• Newfie, a colloquial name for people from the Canadian province of Newfoundland and Labrador, originally for inhabitants of the Island of Newfoundland. The Newfie diaspora frequently emigrated to other provinces of Canada for employment opportunities in the tens of thousands since the 1920s, while some Newfoundlanders went to the US and the UK in a lesser extent. Newfoundland became Canada's 10th province in 1949, after 350 years of British rule.
  • New York City relocatees to other US states like Florida and California number at one million. The world-famous major city, the US' largest (8-9 million people), is known for its local subculture (esp. Brooklyn and the Bronx). Similarly, Bostonians, Michiganians[25] and Californians moved across the US and the world.[citation needed]
  • Nigerian diaspora, people from the country of Nigeria, the most populous country in Africa. Over 5 million Nigerians live outside the country, as immigrants are known to live in the US (Large Nigerian communities in New York City and Houston, Texas), the UK, throughout the EU and South Africa, among other nations. The Nigeria Diaspora is also one of the most organized Diasporas with an umbrella organization, Nigerians in Diaspora Organisation (NIDO America, NIDO Asia, NIDO Africa and NIDO Europe) represented with chapters in most countries and continents of the world. The organisation also have a Worldwide governing body NIDO Worldwide comprising stakeholders from the continental executives.[26]
  • Norwegian people, the country of origin is Norway. Many Norwegians emigrated outward from there, while it was under Danish (until 1814) and later Swedish rule (until independence came in 1905). The largest group of Norwegians settled in North America (i.e. the US and Canada mainly in Manitoba) in the late 19th century, esp. in the states of Illinois, Minnesota, North Dakota and Wisconsin; and in the Pacific Northwest (Alaska, Oregon and Washington state). See Norwegian Americans and Norwegian Canadians.

O[edit]

The Five congressional districts in Oklahoma. The Map shows districts 1 and 2 with parts of 3 4 and 5 are former Indian Territory from 1830 to 1907. The largest American Indian tribal groups live there in the eastern half of the state, most notably the Cherokee, Choctaw and Creek Indian Nations, whose populations mostly live outside of them.
  • Okies from the U.S. state of Oklahoma. The state has a long history of settlement, emigration and mass dispersal of a subculture across the US and elsewhere in the world, due to economic conditions and conflicts with the U.S. government. Many happen to be Native Americans yet most of the population is white and a sizable minority are African American. Oklahoma was formerly reserved for Native Americans dislocated by white Euro-American settlement and the Indian Wars in the 19th century, mostly in the Great Plains of the United States and Western United States regions. See also Texans of Texas, Crackers of Florida and Southeastern United States where the main origin of Oklahomans came from.[citation needed]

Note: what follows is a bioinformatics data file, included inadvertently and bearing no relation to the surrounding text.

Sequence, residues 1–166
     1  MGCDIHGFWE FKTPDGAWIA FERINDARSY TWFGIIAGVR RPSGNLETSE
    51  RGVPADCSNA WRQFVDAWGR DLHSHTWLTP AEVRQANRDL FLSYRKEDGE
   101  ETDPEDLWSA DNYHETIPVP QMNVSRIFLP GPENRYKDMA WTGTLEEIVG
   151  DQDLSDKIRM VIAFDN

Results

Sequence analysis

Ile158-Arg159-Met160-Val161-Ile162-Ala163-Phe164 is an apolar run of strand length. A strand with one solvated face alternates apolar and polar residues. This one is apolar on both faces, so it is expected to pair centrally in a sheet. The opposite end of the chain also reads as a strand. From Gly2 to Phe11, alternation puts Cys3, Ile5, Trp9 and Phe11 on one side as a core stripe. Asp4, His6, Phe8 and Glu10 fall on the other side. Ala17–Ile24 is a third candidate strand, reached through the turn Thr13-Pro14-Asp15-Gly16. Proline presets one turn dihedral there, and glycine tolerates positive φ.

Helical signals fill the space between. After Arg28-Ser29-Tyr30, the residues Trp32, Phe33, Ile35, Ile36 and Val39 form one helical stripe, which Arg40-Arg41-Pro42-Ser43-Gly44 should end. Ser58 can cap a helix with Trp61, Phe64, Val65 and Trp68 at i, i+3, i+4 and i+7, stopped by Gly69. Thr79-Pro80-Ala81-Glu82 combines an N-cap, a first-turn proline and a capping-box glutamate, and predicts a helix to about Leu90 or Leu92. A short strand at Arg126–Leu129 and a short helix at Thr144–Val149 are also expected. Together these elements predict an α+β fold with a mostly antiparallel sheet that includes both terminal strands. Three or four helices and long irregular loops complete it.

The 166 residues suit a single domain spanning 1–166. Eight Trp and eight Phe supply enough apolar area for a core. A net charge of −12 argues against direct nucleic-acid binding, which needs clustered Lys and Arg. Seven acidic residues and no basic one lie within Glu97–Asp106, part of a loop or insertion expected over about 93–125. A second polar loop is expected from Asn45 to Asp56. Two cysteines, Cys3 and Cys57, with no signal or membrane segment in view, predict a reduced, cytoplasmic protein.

• Oromo and other ethnic groups of Ethiopia, an estimated 30-50 million who have gone by different ethnological names like "Abyssinians", "Erthyreneans" and "Amharics". Ethiopia's population is highly diverse. Most of its people speak a Semitic or Cushitic language. The Oromo, Amhara, and Tigreans make up more than 3/4s of the population, but there are more than 80 different ethnic groups within Ethiopia. Some of these have as few as 10,000 members. They live across the continent of Africa, while a mass movement of Ethiopian immigrants during the 20th century into the Middle East (one major area of choice is Israel), Europe, South Asia, East Asia, Australia, North America (esp. the U.S. and Canada), and Latin America has created a global Ethiopian diaspora.

P[edit]

Q[edit]

R[edit]

S[edit]

T[edit]

U[edit]

  • Ukrainian diaspora, represented by Ukrainians who left their homeland in several waves of emigration, settling mainly in the Americas (United States, Canada, Mexico, Brazil and Argentina), but also Australia, east Asia (China) and across Europe. Also includes the tens and millions of Ukrainians who migrated from Ukraine to other parts of the former Soviet Union (mainly Russian Federation) during the Soviet time. Ukrainians in the Middle East should be noted and the large-scale Ukrainian with Russian Jewish emigration to Israel.[citation needed]
    • Ruthenians and Carpathians, self-titles for Slavic peoples from the small region of Ruthenia, encompasses easternmost Slovakia, southeast parts of Poland, northern edges of Hungary and westernmost Ukraine, had preserved a unique ethnocultural identity, but lacked an independent country of their own for almost a millennia. In the late 19th century and again between World Wars I and II, over a million Ruthenians fled their homeland and settled across Western Europe (France, Germany and Austria), North America (the U.S. and Canada) and the USSR (Russia), but lesser numbers settled in East Asia (China), the Middle East (Turkey), South America (Brazil) and Australia in the late 20th century.

V[edit]